The flags in this police photo mark the locations of the bodies he haphazardly buried in the crawlspace of Gacy’s Chicago-area home. Called the Killer Clown for the costume he wore to entertain kids and to kill his victims, Gacy confessed he buried only 26 of his victims here because he simply ran out of room.
While in prison, serial killer and rapist John Wayne Gacy took up painting. He was actually pretty good at it, focusing mainly on self portraits — with and without his notorious clown costume. One painting stands out as particularly creepy — a skull, adorned by a clown collar, made of naked bodies in sexual positions.
On his 2005 album Illinoise, Detroit-born indie singer Sufjan Stevens pays tribute to the best and the worst of the 21st state. The fourth track, titled John Wayne Gacy Jr. is a melancholy tune that visits the life of infamous Chicago serial killer John Wayne Gacy.
Inventing an evil alter ego is not uncommon for serial killers, in fact some of the most famous ones have claimed that one or more persons living inside them either made them kill, or actually did the killing. Most, however, who tried this multiple personality defense, abandoned it, after discovering that this particular brand of crazy doesn’t get them off the hook.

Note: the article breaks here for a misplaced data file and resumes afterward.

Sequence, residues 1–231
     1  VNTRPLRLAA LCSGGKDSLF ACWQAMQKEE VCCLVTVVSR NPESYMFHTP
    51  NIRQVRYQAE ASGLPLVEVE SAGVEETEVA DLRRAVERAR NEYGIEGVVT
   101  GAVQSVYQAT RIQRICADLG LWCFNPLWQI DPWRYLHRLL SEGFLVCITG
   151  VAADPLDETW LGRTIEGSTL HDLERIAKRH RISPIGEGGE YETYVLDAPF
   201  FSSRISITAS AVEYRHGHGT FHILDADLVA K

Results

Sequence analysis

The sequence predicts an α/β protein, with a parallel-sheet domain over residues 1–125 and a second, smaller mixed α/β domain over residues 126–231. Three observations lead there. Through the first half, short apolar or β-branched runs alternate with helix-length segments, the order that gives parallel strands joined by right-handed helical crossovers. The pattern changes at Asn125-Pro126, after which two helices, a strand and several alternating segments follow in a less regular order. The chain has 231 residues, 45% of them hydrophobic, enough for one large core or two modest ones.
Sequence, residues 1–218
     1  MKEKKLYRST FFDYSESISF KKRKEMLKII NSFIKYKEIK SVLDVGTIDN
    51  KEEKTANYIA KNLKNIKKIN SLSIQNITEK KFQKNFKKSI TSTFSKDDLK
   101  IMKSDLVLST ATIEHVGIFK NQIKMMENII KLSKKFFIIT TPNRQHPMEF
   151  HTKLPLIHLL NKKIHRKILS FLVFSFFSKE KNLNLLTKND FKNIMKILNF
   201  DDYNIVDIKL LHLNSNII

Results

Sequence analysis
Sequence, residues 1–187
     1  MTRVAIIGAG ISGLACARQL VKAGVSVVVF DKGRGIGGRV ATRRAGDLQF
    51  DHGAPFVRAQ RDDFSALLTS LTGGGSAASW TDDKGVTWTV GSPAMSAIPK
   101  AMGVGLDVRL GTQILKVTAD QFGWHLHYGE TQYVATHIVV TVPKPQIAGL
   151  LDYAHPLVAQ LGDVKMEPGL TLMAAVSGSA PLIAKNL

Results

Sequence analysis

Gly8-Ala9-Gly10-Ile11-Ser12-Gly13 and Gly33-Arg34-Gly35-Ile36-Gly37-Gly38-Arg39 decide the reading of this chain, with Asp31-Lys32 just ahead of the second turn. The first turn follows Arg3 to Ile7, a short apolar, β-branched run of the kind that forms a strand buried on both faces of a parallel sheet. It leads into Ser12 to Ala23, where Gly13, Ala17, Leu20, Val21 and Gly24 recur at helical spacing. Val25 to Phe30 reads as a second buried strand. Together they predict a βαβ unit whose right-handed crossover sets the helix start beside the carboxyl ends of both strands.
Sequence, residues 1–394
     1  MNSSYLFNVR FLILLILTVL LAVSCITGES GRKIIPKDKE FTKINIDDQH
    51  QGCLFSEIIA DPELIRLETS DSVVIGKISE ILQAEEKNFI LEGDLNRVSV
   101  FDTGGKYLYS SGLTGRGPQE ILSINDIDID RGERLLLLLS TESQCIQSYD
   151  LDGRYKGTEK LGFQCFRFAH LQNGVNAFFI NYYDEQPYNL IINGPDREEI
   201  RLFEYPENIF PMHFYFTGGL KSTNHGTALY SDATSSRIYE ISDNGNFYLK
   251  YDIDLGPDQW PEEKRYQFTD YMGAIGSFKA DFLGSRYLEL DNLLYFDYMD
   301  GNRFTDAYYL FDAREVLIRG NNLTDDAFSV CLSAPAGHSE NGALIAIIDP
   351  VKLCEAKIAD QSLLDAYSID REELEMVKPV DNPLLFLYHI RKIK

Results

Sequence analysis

Steven Soden was 16 when he disappeared while on a camping trip with his orphanage in April 1972. He and another boy, 12-year-old Donald Caldwell, were never seen again after the trip. This week, Soden’s family was relieved to learn that the young man’s death was not at the hands of notorious serial killer John Wayne Gacy.
A solar eclipse darkened the sky in the middle of the day on May 10, 1994, the day that serial killer John Wayne Gacy was executed by lethal injection. Before being strapped to the gurney, Gacy had a picnic with family and then met with a Catholic priest to pray.
On Friday, December 22, 1978, Gacy finally confessed to police that he killed at least 30 people and buried most of the remains of the victims beneath the crawl space of his home.